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Moderna COVID-19 booster clinical trial starting at UMass Chan

By Susan E.W. Spencer

UMass Chan Medical School Communications

diciembre 15, 2021

UMass Chan Medical School researchers are starting a Phase II clinical trial of Moderna COVID-19 mRNA vaccine boosters in adults. The study comes as scientists chase the continuous emergence of new SARS-CoV-2 virus variants.

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Study participants must be at least 18 years old and have received their second dose
of Moderna’s mRNA vaccine at least six months earlier.

The Moderna study will evaluate different formulations and doses of its boosters among participants. Other studies including one conducted at UMass Chan, which supported the Food and Drug Administration’s emergency use authorization of Pfizer-BioNTech’s COVID-19 vaccine booster, tested the safety and ability to boost immune response of a third standard dose of the vaccine.

Jennifer Wang, MD, professor of medicine, said participants will be randomly assigned to one of six arms: one group will receive the standard Moderna mRNA vaccine booster dose; three groups will receive a new formulation of the mRNA vaccine, which covers major parts of the spike protein, at one of three different dosage levels; and two groups will receive different doses of a combination vaccine that covers both the original spike protein and the beta variant spike protein.

The study is expected to start at UMass Chan on Dec. 20. An anticipated 420 adults will be enrolled across 13 sites nationwide. Participants must be at least 18 years old and have received their second dose of Moderna’s mRNA vaccine at least six months earlier. People who have been recently exposed to someone with COVID-19, or who are pregnant, breastfeeding, or have an unstable chronic disease requiring medical or surgical care are among those who are excluded.

Participants will be followed for one year. Enrollment will be stratified by age, with those 18 to 55 years of age comprising at least 20 percent but not more than 50 percent of the total, and those ages 56 or older.

A key question, according to Dr. Wang, is how well vaccines and boosters will protect against emerging variants. Wang said the omicron variant quickly surged through South Africa, but it wasn’t competing against delta as the dominant strain there. In much of North America and Europe, delta remains predominant and while omicron is spreading, it remains unclear how the epidemiology will evolve.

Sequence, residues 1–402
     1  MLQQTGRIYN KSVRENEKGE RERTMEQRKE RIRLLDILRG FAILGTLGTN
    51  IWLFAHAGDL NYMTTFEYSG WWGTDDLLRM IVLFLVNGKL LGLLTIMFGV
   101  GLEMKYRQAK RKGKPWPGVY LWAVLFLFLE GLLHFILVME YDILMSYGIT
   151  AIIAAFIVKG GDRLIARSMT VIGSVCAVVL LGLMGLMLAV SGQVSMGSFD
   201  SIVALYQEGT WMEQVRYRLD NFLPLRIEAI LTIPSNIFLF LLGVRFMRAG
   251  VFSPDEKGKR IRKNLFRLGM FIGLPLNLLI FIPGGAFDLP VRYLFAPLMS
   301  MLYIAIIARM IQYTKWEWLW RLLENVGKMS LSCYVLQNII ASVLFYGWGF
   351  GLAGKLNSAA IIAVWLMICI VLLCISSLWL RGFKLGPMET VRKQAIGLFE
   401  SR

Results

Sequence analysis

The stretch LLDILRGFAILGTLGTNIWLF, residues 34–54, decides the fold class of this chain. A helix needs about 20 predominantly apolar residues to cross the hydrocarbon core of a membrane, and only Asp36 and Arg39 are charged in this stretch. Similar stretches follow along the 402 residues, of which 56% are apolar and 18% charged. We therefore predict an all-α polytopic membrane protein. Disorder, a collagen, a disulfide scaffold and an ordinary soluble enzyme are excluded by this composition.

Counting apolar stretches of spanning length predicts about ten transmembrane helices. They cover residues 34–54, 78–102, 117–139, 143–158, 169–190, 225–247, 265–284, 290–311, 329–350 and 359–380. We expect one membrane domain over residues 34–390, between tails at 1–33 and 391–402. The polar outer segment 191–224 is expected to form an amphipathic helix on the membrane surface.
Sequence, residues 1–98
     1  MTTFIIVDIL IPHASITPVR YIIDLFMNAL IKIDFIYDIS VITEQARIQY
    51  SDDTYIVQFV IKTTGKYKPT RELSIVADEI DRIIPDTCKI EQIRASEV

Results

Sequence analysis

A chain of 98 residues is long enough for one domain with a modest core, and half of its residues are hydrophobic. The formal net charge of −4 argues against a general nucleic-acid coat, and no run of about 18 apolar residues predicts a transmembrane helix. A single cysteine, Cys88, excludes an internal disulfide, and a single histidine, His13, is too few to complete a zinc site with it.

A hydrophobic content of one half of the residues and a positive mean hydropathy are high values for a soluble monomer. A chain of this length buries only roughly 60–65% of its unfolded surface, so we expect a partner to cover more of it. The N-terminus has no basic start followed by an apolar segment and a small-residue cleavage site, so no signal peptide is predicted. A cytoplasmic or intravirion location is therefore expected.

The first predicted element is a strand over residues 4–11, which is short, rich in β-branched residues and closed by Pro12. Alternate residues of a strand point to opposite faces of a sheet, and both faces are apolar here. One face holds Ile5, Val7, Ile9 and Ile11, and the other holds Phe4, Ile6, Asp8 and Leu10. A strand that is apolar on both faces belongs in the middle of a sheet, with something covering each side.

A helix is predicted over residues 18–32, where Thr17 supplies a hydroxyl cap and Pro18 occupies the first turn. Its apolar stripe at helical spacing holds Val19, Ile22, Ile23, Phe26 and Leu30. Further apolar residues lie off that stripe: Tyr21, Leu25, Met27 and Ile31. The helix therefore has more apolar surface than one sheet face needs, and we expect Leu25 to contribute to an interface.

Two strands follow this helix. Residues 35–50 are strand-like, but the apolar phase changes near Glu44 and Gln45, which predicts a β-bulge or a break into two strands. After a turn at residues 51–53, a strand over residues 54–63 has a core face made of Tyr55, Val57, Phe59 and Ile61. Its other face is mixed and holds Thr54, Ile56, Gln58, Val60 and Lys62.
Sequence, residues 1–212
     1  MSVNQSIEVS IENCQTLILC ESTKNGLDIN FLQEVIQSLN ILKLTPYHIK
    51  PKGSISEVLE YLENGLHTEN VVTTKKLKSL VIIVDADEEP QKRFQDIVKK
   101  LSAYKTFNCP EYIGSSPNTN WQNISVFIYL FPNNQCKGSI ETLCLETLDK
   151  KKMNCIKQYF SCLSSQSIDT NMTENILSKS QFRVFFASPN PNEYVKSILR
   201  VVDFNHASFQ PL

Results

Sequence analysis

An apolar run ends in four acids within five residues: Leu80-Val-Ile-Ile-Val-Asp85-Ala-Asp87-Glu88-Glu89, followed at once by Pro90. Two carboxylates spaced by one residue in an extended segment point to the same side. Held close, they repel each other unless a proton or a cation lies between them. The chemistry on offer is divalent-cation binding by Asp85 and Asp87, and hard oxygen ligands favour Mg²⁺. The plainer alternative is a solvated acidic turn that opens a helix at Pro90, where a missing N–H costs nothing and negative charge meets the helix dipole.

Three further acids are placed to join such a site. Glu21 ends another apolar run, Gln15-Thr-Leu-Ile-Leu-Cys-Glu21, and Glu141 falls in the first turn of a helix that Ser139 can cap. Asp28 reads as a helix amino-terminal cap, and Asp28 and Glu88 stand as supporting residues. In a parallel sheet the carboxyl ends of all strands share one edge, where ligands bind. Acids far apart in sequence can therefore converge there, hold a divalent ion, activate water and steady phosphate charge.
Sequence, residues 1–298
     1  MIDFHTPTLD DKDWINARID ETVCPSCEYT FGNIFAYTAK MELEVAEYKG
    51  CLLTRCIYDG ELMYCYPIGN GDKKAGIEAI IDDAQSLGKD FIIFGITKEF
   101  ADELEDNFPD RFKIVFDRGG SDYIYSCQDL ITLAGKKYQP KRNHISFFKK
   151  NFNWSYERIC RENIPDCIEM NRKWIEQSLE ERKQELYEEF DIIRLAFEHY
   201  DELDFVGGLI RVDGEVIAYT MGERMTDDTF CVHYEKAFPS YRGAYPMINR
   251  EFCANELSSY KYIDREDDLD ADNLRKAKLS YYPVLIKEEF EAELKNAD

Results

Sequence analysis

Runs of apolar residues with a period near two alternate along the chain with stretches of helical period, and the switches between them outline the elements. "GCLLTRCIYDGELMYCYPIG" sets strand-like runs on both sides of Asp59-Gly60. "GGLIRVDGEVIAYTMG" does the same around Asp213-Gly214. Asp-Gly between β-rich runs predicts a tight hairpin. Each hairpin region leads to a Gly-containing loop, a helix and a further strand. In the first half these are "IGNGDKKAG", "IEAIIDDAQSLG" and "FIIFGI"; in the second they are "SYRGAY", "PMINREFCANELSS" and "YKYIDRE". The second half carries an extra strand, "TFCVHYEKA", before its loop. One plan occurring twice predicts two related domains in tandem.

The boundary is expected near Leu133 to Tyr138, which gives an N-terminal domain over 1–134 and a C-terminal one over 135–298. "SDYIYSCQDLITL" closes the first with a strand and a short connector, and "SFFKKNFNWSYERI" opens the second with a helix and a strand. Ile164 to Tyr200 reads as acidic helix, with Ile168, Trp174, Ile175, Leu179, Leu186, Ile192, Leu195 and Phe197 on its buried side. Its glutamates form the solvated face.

“We’re learning a little bit more each day and it’s going to take some time,” she said.

Wang’s social media post announcing enrollment in the study, which appeared Dec. 3 on Twitter, has generated a lot of interest.

“I am new to Twitter since COVID, and my feeds are all focused on infectious diseases. It’s the way to get information immediately now, and when it comes from your scientific peers and the greater press, it can be a fantastic resource for keeping up to date with COVID,” she said.

Wang said of her work combatting the spread of disease: “It’s fascinating. It’s exhausting. There’s never a dull moment and there’s something to learn, which is a plus.” And now, influenza is re-emerging in Massachusetts after very low rates last year. “There’s going to be dynamics that will keep us all on our toes,” said Wang.

Those interested in participating in the Moderna booster trial may contact Danielle Kokoski, RN, lead research nurse coordinator II, at danielle.kokoski@umassmed.edu.

Related stories on UMassMed News:
Influenza expected to make a comeback; vaccinations urged
UMass Chan study finds association between long-COVID symptoms and altered oral microbiome
COVID vaccine trial for kids on track, says KidCOVE principal investigator at UMMS